While the Omnibus Election Code has no provision regulating noise from political activities, there may exist local ordinances in some jurisdictions that regulate and penalize offending noise, the EcoWaste Coalition said.

“The politicians, therefore, are not only violating human rights per se, but existing ordinances. They could be breaking their own ordinances versus noise pollution as no one is supposed to be exempt from the law,” Pineda stressed.

Aside from moderating the volume of their loudspeakers, the EcoWaste Coalition expressed hope that responsible politicos will voluntarily stop airing their political jingles and ads near hospitals and places of study and worship.

Citing information from the Environmental Protection UK, the EcoWaste Coalition said that noise, an “unwanted sound,” can cause irritability and pressure for many people and harm the sense of hearing depending on the intensity of the noise, among other factors.

UK’s Noise and Statutory Nuisance Act 1993 makes noise in the street a statutory nuisance, providing restrictions on the use of loudspeakers in the streets and other sources of noise, the EcoWaste Coalition noted.


Information source:
http://www.environmental-protection.org.uk/noise/environmental-noise/noise-pollution/

06 April 2010

Beauty pageant contestants make a pitch for greener poll campaign


Quezon City. Fifty-two women aspiring to become beauty queens for the environment today challenged all candidates for the May 2010 national and local elections to unite and stand up for Mother Earth.

The would-be “environmental diplomats” urged political candidates to woo voters with the health of Mother Earth in mind during the presentation before the press of the contestants vying for Miss Philippines - Earth 2010.

The message “One Vote, One Earth, Our Future” rang out as contestants coming from as far as Vigan in the north to Tawi-Tawi in the south and from the Filipino communities in France and USA paraded in water-inspired blue swimsuits.

To emphasize their message, the women paraded while holding placards that read “go for waste-free election,” “say no to guns, goons, gold and garbage,” “spare the trees (they don’t vote),” “keep your tarps to the minimum,” and “remove streamers from electric wires and posts," to cite a few.

“Our message ‘One Vote, One Earth, Our Future' underscores the need to fuse the exercise of our right to vote and be elected with our shared responsibility to protect the environment from harm, which is too often ignored,” said Sandra Inez Seifert, Miss Philippines-Earth 2009 and Miss Earth-Air 2009.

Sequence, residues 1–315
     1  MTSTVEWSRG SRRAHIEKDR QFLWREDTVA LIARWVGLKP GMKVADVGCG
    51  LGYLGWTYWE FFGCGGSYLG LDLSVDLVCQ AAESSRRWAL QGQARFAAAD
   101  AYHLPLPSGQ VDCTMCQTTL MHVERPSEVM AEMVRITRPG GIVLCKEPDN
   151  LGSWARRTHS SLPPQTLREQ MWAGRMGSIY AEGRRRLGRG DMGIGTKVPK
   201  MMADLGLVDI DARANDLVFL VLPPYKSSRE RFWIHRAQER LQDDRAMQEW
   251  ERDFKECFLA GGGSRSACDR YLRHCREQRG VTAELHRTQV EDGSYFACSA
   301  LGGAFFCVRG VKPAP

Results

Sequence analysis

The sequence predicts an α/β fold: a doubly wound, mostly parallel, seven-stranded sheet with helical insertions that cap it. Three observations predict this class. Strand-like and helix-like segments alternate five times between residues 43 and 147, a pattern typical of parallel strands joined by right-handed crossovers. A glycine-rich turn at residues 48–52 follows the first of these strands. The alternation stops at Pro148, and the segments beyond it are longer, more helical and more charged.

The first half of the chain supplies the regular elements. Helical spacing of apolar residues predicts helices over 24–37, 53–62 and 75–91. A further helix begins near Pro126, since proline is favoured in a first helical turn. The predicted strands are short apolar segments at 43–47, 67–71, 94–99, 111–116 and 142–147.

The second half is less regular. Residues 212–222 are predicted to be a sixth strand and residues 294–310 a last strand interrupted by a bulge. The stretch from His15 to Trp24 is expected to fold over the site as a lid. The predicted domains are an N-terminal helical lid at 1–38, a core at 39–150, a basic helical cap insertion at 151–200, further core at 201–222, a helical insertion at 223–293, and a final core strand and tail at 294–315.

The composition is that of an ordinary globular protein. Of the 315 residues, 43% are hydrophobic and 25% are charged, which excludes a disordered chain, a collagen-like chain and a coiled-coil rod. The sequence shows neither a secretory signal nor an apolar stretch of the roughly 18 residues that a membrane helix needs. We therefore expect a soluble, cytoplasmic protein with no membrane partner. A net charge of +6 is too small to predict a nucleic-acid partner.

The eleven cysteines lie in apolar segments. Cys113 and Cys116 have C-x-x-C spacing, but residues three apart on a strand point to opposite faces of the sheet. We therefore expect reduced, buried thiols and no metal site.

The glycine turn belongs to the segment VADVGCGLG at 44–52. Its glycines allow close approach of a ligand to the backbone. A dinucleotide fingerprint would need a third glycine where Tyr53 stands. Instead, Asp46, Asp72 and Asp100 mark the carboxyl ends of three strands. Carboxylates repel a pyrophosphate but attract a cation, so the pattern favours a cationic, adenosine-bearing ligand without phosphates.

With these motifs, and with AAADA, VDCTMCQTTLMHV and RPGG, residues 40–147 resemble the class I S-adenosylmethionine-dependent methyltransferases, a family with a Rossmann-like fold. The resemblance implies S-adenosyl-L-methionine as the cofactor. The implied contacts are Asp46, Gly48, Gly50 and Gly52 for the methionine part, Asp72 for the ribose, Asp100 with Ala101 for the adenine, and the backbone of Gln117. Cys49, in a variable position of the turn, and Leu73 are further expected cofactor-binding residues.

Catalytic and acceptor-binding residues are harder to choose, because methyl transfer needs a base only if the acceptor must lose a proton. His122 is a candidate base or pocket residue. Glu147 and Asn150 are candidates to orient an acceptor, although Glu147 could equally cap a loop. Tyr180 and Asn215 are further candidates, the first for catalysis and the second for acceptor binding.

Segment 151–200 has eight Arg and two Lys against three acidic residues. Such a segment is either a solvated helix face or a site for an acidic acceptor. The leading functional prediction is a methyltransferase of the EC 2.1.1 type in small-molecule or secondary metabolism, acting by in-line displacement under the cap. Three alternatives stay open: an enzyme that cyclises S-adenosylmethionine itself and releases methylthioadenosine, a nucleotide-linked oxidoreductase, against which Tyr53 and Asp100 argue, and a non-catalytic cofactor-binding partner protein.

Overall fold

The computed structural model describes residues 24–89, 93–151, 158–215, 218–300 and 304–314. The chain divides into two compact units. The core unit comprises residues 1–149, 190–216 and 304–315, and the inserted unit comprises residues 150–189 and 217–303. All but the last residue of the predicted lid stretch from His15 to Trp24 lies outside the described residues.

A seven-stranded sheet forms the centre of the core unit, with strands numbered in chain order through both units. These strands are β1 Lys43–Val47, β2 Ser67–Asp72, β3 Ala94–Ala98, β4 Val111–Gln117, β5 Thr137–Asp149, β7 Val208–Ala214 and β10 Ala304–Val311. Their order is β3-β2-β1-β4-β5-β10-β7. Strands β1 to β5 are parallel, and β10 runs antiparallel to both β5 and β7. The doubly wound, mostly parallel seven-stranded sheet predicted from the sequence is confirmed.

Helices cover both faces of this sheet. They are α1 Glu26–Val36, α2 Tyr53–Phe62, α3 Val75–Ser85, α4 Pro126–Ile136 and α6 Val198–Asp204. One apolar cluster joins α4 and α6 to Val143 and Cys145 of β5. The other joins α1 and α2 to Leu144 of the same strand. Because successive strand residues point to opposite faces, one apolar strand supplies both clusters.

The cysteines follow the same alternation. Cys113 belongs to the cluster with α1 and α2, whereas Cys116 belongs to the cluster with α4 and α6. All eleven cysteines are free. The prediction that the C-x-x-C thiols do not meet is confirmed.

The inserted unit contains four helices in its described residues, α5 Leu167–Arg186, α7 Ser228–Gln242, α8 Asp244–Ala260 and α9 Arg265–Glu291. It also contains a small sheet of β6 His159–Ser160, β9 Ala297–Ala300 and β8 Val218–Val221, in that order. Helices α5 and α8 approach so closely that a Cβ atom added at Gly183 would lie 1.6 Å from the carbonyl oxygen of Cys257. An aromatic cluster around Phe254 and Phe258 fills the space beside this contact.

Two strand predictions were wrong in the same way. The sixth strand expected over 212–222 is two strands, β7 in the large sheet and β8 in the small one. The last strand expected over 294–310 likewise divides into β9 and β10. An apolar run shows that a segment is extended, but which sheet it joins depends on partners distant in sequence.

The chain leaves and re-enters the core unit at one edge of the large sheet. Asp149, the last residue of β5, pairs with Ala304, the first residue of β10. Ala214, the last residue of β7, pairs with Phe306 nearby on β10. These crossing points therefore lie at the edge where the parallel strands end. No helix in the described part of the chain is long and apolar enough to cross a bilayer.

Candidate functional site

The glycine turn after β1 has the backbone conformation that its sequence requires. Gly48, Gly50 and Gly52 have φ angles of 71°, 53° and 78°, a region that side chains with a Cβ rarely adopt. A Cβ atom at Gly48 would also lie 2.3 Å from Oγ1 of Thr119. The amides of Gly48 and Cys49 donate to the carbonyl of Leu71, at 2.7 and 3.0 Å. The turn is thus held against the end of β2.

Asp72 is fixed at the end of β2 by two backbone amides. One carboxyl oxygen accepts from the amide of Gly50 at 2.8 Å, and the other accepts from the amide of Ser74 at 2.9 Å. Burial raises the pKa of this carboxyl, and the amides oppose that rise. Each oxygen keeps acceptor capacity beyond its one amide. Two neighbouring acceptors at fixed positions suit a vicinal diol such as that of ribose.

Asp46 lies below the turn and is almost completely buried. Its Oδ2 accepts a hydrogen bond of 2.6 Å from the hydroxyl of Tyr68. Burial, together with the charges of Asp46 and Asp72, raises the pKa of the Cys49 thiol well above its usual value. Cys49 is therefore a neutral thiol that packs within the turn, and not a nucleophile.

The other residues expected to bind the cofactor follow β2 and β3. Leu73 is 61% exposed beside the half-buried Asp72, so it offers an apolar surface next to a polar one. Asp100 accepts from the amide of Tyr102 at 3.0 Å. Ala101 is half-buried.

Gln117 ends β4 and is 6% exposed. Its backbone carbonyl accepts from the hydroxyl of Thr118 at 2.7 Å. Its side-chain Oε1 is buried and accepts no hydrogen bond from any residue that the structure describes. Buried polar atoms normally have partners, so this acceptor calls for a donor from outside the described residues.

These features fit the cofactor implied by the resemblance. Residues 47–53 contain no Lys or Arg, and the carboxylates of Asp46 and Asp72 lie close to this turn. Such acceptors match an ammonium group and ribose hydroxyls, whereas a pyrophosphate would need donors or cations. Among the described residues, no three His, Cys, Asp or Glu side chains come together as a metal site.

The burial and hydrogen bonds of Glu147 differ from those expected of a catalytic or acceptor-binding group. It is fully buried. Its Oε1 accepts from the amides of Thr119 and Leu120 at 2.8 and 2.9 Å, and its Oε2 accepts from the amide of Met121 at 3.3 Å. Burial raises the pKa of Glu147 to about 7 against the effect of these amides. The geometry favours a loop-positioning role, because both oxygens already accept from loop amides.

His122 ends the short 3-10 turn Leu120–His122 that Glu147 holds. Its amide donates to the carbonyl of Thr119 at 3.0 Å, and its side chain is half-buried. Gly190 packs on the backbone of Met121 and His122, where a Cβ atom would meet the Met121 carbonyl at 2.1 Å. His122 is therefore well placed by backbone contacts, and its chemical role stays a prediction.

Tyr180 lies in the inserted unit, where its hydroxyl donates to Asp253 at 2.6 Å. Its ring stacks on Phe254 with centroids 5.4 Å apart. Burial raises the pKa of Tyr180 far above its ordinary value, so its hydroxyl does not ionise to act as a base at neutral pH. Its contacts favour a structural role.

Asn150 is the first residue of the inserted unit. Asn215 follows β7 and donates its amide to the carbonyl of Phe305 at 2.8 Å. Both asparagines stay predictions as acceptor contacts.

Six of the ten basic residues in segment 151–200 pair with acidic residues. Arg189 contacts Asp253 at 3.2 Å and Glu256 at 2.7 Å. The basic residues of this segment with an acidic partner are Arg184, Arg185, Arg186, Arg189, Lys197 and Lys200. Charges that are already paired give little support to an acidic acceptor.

The contestants’ pitch for environmental responsibility in the quest for political democracy drew support from the EcoWaste Coalition, a waste and pollution watchdog, which has partnered with the Miss Earth Foundation in campaigning for waste-free polls.

“We lament the wastefulness of the election campaign. It is as if the environment does not matter at all to most candidates in the race for their coveted positions. We appeal to all aspiring public servants to campaign responsibly and heed what the Miss Philippines-Earth hopefuls are saying,” said Eileen Sison of the EcoWaste Coalition and NGO Representative to the National Solid Waste Management Commission.

With just over a month before the poll date on May 10, the Miss Earth Foundation and the EcoWaste Coalition expressed dismay over the candidates' utter disrespect of campaign guidelines despite repeated reminders from the Commission on Elections (COMELEC).

The groups identified several campaign excesses and violations of rules that are time and again ignored by many national and local candidates and their supporters, including:

1. Posting campaign materials outside the designated common poster areas.

2. Nailing or tacking posters on trees.

3. Displaying posters and streamers that exceed the prescribed sizes.

4. Hanging posters and streamers on electric posts or over walkways and sidewalks.

5. Putting up oversized and/or out of place billboards.

“It is not too late for the candidates to show they also care for the environment. They need not wait for disqualification cases to be filed against them for violating campaign rules. We ask them to voluntarily clean and straighten up their campaigning, starting with the removal of posters nailed on trees,” the groups said.

In addition to observing the COMELEC campaign guidelines, the groups also pleaded to all political candidates, parties and partylist groups to integrate environmental care and protection into their electoral platforms.

“Business as usual is no longer an option for our country after Ondoy and the ongoing onslaught of El NiƱo on our farms and dams. We therefore appeal to all who are running for the 2010 polls not to digress from their responsibility and put the environment at the heart of their political agenda,” the EcoWaste Coalition and the Miss Earth Foundation pointed out.